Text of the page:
Volcan Santa Maria Summit and Mayan Flower Offerings

Congrats! You just climbed a volcano.

Volcan Santa Maria Peak

There are a few attractions at the peak of Volcan Santa Maria. Most will want a picture on top of the volcano, and the view over Quetzaltenango (Xela). On clear days, and early in the morning, it is possible to see Zunil tucked behind Volcan Almolonga.

Volcan Santa Maria View of Xela and Volcan Almolonga

Look at the view of Quetzaltenango (Xela)!

If you look east and west, you can see the peaks of nearby volcanoes. Welcome to volcano alley in Central America.

Volcan Santa Maria Volcano Alley East

This is the view to your east.

Volcan Santa Maria Volcano Alley West

This is your view to the west.

At the peak are several Mayan offerings in the form of flowers. Some have been planted, and others grace a fire pit. As you can guess, this is a very spiritual place for Mayans.

Volcan Santa Maria Mayan Offerings

Don’t disrespect the volcano, or it may tremble like Mount Kinabalu in Malaysia.

Enjoy these aspects of Volcan Santa Maria, but remember the highlight of this hike is watching Volcan Santiaguito erupt if you get the chance. This has become more challenging lately. Whereas Volcan Santa Maria used to erupt every 45 minutes, it has decreased to every 2 hours at best. On the bright side, each eruption is more intense.

Volcan Santa Maria View of Volcan Santiaguito Crater in Clouds

Now you see the crater. Now you don’t.

It took us 3.5 hours to walk to the base and climb Volcan Santa Maria. If you want to see Volcan Santiaguito’s crater, then you need to arrive before 10 am. We got to the top around 10:20 am, and it was only visible for a few seconds. Despite Quetzaltenango (Xela) being clear, there was a stream of clouds covering the volcano.

Volcan Santa Maria Stream of Clouds Blocking Volcan Santiaguito

Once the sun reaches into valleys, the dew quickly evaporates forming a stream of clouds.

Timing an eruption with clear visibility is very difficult if you have limited time. Consider camping overnight on this grassy patch if you have your own equipment. Otherwise, you can try climbing Volcan Acatenango near Antigua to see Volcan Fuego erupt.

Volcan Santa Maria Camping Spot

Pitch your tent here if camping on Volcan Santa Maria.

Return to Llanos del Pinal

Returning to Llanos del Pinal is straightforward. Just follow the same path you hike up. It should take about half the time since gravity is assisting you.

At the peak of Volcan Santa Maria, we picked up a guide for the return. We aren’t sure where this dog came from, but it led us all the way back to town. The only problem was how aggressive he was when we tried to eat. He would literally circle us, take the high ground, and lunge at our sandwiches. I guess all guides need to be paid somehow. He received 2 sandwiches that didn’t taste as well as we had planned.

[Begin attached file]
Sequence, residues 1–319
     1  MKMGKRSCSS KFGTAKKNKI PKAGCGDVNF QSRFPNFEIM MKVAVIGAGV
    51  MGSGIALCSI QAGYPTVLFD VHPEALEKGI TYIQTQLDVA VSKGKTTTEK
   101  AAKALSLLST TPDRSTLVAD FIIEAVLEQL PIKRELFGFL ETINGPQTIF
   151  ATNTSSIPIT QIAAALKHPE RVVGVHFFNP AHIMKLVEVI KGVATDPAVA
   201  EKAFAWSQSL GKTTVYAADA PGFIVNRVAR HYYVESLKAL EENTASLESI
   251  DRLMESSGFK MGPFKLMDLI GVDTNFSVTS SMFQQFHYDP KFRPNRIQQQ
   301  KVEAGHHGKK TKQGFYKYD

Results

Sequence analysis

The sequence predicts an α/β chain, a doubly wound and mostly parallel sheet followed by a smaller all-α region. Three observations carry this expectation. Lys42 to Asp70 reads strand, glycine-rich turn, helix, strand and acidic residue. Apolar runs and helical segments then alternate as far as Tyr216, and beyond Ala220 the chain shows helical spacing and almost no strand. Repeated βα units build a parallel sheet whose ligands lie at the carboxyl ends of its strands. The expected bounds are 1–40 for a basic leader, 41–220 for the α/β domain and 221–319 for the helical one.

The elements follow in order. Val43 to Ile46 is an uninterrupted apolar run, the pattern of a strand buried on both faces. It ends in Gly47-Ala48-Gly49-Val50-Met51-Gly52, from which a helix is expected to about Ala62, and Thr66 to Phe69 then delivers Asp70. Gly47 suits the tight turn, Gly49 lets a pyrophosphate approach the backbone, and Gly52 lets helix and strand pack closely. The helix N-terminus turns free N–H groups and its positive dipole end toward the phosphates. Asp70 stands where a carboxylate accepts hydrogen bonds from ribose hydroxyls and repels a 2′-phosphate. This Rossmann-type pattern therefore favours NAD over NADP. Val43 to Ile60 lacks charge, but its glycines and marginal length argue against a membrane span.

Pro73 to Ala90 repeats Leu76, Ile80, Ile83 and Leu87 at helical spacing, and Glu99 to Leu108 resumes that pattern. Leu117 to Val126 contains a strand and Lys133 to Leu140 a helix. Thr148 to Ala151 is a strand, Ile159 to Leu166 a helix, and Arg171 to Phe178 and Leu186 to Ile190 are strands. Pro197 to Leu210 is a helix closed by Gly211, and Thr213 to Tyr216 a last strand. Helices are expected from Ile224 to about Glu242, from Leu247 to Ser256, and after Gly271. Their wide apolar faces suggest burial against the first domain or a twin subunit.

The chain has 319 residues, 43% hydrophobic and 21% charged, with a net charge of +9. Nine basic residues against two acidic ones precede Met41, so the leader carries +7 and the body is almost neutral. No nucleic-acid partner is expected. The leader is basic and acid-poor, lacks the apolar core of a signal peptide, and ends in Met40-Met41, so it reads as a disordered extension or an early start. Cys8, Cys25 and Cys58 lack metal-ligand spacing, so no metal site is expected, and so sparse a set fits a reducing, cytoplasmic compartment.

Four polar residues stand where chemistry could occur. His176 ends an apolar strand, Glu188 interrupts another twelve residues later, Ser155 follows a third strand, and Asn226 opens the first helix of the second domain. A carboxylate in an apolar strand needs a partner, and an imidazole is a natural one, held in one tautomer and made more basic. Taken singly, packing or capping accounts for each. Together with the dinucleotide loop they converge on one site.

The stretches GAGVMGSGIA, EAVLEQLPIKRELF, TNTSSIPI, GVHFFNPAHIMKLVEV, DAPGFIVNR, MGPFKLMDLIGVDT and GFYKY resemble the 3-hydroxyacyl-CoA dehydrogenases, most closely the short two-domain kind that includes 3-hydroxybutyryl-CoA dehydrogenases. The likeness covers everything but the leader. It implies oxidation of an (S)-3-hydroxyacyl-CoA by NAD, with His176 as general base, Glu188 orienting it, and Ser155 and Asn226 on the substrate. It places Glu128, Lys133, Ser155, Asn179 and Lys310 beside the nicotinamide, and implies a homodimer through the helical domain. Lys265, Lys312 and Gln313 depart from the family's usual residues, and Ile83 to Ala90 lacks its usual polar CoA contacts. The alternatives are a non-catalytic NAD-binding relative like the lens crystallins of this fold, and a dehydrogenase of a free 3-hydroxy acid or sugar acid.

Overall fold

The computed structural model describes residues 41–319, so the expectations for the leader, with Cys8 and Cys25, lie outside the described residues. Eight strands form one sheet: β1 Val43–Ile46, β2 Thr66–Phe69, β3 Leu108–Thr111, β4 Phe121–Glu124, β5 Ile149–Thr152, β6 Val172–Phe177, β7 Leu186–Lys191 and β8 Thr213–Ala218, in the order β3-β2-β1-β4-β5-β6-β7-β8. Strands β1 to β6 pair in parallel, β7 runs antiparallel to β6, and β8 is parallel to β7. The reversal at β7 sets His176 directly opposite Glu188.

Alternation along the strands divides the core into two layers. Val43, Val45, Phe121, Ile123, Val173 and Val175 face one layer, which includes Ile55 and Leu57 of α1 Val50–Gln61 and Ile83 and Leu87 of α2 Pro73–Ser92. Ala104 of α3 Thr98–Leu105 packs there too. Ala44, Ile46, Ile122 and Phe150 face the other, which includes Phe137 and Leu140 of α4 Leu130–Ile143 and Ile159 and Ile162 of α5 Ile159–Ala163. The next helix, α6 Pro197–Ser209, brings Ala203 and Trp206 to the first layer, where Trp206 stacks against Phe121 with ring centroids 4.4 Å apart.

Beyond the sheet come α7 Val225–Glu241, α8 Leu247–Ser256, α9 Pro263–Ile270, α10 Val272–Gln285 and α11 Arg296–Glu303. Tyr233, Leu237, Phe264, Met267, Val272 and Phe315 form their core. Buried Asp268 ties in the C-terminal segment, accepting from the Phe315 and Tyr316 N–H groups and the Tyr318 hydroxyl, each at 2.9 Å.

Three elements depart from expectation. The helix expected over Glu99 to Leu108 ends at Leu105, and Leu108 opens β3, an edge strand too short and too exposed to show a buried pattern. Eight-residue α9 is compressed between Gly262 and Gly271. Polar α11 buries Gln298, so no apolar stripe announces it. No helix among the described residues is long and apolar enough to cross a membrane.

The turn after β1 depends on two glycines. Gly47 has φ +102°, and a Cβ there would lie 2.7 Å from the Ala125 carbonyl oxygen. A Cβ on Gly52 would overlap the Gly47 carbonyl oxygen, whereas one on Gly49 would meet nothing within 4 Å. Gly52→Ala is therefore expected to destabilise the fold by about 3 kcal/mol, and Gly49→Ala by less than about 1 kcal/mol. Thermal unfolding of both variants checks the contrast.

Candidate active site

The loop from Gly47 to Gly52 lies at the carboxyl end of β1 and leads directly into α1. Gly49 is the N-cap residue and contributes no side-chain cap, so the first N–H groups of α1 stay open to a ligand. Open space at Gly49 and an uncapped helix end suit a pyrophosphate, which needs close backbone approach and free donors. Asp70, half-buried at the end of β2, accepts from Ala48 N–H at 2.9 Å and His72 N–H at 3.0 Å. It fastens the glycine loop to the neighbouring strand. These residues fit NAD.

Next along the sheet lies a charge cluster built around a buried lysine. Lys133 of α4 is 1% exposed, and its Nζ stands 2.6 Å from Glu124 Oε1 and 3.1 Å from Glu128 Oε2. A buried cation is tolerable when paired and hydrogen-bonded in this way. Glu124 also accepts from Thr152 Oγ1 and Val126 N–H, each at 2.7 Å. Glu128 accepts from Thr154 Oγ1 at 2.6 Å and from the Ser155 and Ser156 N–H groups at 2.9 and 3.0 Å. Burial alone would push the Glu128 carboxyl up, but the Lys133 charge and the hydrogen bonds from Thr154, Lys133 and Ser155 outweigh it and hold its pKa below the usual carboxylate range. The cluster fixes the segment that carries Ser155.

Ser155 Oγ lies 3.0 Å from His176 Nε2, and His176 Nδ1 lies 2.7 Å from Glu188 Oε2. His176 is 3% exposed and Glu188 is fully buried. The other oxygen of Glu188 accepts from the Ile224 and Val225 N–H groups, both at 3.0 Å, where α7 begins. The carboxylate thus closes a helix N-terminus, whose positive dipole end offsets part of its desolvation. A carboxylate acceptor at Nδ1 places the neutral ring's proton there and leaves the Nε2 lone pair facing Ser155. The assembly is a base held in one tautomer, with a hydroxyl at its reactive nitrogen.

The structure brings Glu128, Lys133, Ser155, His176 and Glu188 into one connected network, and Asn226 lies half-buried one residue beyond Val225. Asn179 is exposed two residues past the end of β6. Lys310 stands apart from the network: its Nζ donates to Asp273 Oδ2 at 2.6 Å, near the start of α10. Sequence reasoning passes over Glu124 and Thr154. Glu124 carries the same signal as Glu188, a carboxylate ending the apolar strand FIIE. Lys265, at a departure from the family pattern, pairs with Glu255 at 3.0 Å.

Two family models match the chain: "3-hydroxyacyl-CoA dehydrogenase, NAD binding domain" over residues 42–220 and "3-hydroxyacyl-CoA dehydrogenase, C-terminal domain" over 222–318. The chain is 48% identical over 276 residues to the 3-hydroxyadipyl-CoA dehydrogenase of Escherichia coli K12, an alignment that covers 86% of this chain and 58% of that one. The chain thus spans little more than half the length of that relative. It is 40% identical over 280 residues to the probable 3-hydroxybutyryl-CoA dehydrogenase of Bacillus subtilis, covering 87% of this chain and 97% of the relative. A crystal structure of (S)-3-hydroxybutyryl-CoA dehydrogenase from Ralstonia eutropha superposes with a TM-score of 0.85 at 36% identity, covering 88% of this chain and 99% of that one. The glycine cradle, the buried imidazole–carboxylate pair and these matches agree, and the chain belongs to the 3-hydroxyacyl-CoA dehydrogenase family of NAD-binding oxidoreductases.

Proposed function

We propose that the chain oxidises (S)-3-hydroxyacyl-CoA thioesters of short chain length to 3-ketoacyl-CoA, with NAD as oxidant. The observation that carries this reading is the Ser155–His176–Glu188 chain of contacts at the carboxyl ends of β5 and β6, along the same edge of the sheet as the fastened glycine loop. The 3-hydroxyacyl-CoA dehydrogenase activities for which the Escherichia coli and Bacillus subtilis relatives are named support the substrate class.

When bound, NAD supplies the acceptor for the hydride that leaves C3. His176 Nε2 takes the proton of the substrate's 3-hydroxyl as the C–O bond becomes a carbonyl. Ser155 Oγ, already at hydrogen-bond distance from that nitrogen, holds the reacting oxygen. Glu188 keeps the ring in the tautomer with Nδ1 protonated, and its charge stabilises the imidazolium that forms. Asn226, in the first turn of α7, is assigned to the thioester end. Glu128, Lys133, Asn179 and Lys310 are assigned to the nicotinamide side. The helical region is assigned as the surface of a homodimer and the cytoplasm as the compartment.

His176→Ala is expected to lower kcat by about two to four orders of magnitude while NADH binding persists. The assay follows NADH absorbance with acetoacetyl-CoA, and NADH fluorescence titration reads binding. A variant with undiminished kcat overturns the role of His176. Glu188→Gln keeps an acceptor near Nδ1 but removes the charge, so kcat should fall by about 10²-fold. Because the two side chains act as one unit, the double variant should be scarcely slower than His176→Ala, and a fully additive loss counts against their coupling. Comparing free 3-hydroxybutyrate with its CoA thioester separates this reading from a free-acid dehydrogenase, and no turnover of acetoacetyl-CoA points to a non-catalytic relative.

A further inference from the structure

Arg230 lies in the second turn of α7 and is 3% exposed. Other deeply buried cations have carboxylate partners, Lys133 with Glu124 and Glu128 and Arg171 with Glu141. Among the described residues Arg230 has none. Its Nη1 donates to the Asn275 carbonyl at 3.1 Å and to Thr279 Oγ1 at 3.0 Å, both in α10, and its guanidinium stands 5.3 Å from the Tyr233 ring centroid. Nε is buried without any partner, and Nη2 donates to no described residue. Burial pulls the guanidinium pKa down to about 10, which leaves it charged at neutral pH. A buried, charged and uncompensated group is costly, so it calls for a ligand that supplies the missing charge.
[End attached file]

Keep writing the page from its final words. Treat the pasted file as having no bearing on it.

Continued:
Volcan Santa Maria Guide Dog

Meet our new guide dog that demanded paying in food.

Volcan Santa Maria Security

Remote hiking in Guatemala always contains some risk. Although there have been incidents in the past, security over the past few years have improved on Volcan Santa Maria. There are police patrols, and we saw two officers at the summit.

That being said, use your best judgment. Don’t take anything you are not ready to part with. Back up your photos before you climb. Hike in a large group if possible. If not, then inquire about tours and plan to go the same days they are.

Volcan Santa Maria Planning

Weather

Hiking Volcan Santa Maria can be done in 9 hours from door-to-door so little planning is required. Check the weather to make sure it will be sunny. Mountain-Forecast provides weather specific to Volcan Santa Maria, and is a great resource. There is no point in making the ascent if the weather is poor. You will not see anything, including the path, and it will be cold and wet.

Volcan Santa Maria Clouds Rolling In

The peak may be cold and windy, especially after cooling down from hiking, so have a windbreaker at least.

Clothing

The temperature is very chilly in the morning, but heats up quickly when hiking. The top may be windy and cold too. However, a windbreaker should suffice with normal clothes underneath. You are more likely to be too hot than too cold for most of the hike. Consider bringing sunscreen lotion for the descent as the sun finally clears the volcanoes by midday. Bring an emergency poncho if your jacket is not waterproof as storms approach rapidly.

Food

Prepare your breakfast and lunch the day before for the hike. Bananas and pastries are great for breakfast. Sandwiches are good for a picnic at the peak. You should be back in Quetzaltenango (Xela) by 3 pm so dinner is not required.

***The Final Word – Volcan Santa Maria is a great day hike from Quetzaltenango. Get off your butt and climb it!***

What was Volcan Santiaguito erupting like?

4 Shovels

Easy DIY travel outside city centres using public transport

Visited in August 2016